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What Brexit Can Teach Us About Our Creative Work
The economist and social philosopher in me is fascinated by what’s going on with Brexit, but I’ll save those thoughts for an essay on another day. What I’d like to talk about today is the importance of the “invisible” systems that enable us to thrive and do our creative work.
One of the things that’s become clear after Britain’s surprising vote to leave the European Union is just how critical the ties with Europe were for the UK’s prosperity. The positive alliances, systems, reciprocal citizenship, and interconnected economies with Europe were largely invisible to many people because they’ve been integrated for the last thirty years. As with our infrastructure of roads, electricity, water, waste management, internet, postal service, and so on, it’s easy to not see that they’re the foundation for the collective productivity of our society.
There’s a tendency for us to be unaware of positive persistent conditions and hyper-aware of negative conditions. (Tweet this)
It’s as if we’re wired to solve problems but not to appreciate the solutions we already have, especially if someone else generated those solutions.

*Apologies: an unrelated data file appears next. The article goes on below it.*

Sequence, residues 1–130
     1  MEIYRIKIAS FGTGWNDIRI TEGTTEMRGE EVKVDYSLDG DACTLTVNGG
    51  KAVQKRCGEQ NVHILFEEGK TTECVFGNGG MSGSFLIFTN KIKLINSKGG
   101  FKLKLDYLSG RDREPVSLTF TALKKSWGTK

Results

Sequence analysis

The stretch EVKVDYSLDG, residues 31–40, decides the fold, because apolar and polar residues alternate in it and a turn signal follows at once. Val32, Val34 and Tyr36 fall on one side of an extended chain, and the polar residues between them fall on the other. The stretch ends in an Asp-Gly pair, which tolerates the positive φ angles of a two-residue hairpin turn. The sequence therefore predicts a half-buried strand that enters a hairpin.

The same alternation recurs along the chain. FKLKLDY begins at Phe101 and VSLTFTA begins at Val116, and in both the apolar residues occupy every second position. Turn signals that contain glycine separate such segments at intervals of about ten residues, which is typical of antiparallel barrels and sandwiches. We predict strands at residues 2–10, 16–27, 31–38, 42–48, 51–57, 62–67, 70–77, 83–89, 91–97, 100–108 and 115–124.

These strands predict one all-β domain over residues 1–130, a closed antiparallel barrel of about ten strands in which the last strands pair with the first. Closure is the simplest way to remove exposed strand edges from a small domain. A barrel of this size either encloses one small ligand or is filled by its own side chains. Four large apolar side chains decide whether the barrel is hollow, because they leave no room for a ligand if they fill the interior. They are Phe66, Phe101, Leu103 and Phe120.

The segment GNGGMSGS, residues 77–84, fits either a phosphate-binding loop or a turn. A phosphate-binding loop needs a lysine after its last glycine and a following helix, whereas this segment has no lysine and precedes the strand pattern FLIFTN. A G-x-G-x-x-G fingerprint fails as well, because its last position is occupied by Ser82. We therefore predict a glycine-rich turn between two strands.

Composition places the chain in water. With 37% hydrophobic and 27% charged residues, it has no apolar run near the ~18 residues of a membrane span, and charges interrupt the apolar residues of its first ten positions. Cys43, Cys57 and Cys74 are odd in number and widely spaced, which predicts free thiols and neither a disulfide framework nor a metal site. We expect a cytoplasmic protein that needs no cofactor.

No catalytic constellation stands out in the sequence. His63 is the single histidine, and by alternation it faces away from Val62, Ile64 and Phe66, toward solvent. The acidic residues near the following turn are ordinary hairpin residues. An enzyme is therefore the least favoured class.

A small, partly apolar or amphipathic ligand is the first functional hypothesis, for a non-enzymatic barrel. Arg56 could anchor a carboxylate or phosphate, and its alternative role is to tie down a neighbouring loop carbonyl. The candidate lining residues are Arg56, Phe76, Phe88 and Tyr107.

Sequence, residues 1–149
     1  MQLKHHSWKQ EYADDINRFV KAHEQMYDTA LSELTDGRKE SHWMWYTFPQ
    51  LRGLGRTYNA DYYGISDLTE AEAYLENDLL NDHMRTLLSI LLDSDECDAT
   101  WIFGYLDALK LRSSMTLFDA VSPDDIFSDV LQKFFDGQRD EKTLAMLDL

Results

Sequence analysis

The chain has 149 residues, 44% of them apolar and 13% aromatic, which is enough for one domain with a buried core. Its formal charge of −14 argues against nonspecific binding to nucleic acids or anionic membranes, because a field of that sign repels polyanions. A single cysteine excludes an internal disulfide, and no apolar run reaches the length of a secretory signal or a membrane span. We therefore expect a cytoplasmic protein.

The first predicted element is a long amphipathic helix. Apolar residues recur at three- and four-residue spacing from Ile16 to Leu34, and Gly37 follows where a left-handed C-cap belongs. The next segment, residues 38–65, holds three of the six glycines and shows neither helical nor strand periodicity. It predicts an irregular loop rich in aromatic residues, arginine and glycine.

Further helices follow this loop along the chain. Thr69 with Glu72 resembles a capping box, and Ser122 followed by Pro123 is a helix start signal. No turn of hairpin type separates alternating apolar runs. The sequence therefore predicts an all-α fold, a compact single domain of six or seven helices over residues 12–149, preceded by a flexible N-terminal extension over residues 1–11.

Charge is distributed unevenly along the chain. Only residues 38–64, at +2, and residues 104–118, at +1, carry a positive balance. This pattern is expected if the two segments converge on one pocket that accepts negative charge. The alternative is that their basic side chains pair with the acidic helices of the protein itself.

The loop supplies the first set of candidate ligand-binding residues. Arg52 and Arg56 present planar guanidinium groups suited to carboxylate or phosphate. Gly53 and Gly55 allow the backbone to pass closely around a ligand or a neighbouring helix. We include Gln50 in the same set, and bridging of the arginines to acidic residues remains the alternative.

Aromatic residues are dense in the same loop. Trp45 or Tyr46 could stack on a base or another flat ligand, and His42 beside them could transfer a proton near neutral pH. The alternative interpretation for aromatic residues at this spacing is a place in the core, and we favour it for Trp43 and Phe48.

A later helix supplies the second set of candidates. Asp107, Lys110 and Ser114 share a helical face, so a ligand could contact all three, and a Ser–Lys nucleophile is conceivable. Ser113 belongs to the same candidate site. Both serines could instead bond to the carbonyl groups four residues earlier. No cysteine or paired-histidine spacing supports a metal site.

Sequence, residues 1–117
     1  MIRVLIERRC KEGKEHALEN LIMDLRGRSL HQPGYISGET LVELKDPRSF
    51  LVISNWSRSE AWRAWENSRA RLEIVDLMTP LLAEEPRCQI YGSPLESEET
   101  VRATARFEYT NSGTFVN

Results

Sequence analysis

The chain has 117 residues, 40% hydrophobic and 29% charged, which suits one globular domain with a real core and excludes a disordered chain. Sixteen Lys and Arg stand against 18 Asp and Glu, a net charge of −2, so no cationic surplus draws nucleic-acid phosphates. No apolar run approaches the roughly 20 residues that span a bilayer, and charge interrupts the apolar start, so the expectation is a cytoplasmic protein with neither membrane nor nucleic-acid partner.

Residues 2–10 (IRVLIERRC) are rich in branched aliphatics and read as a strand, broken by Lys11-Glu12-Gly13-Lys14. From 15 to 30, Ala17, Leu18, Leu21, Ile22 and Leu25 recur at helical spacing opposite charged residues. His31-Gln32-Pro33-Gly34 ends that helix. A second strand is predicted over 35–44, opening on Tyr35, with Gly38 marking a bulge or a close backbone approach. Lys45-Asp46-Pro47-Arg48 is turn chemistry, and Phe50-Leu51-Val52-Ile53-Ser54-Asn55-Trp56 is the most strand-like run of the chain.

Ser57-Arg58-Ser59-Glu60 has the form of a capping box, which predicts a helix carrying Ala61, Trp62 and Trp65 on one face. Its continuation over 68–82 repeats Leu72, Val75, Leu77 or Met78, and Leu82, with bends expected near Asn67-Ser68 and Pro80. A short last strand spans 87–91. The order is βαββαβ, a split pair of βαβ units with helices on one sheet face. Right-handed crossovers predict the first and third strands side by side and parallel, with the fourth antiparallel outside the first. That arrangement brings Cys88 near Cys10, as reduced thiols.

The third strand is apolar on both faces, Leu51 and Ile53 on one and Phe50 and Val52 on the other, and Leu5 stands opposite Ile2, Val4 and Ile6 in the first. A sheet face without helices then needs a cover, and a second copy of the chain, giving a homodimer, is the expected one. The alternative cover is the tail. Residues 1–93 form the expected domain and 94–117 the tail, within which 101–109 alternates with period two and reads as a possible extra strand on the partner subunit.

I’m sharing this today because I want to flip the polarity of your thinking about your creative infrastructure. Rather than focusing your attention on the broken printers, “unnecessary” meetings, or byzantine procedures, I’d like you to consider how much those are front-of-mind because of how much other stuff just works.
Think about the powerful “givens” we have in the Western world. We can count on:
A paycheck that just hits our accounts due to our banking infrastructures and legal rules that make sure your employers pay you
Driving on well-maintained roads
Hitting a button to call someone
Putting something in the mail and its being delivered
Our coworkers being at their real or virtual desks
Food being in the grocery stores
The lights coming on and staying on
Relatively clean bathrooms that work
Hospitals and doctors on call if we need them
Being able to buy foreign goods when we want to
I could go on, but you get the point. I work with clients around the world, including in Africa and Asia. Our givens are not global givens.
I’m also aware that not everyone has all of the items above. That people are upset about not having them proves the point that they’re givens.
Let’s be very clear here: the creative class depends on those givens to be able to do their work and for the work to be valued. Without those givens, you don’t have a creative class — at most, you have creative individuals. That may seem subtle, but it’s a huge difference.
So, yes, let’s keep solving the problems of broken printers, unnecessary meetings, and unnecessary complexity, but let’s do it with the appreciation of how much is working for us.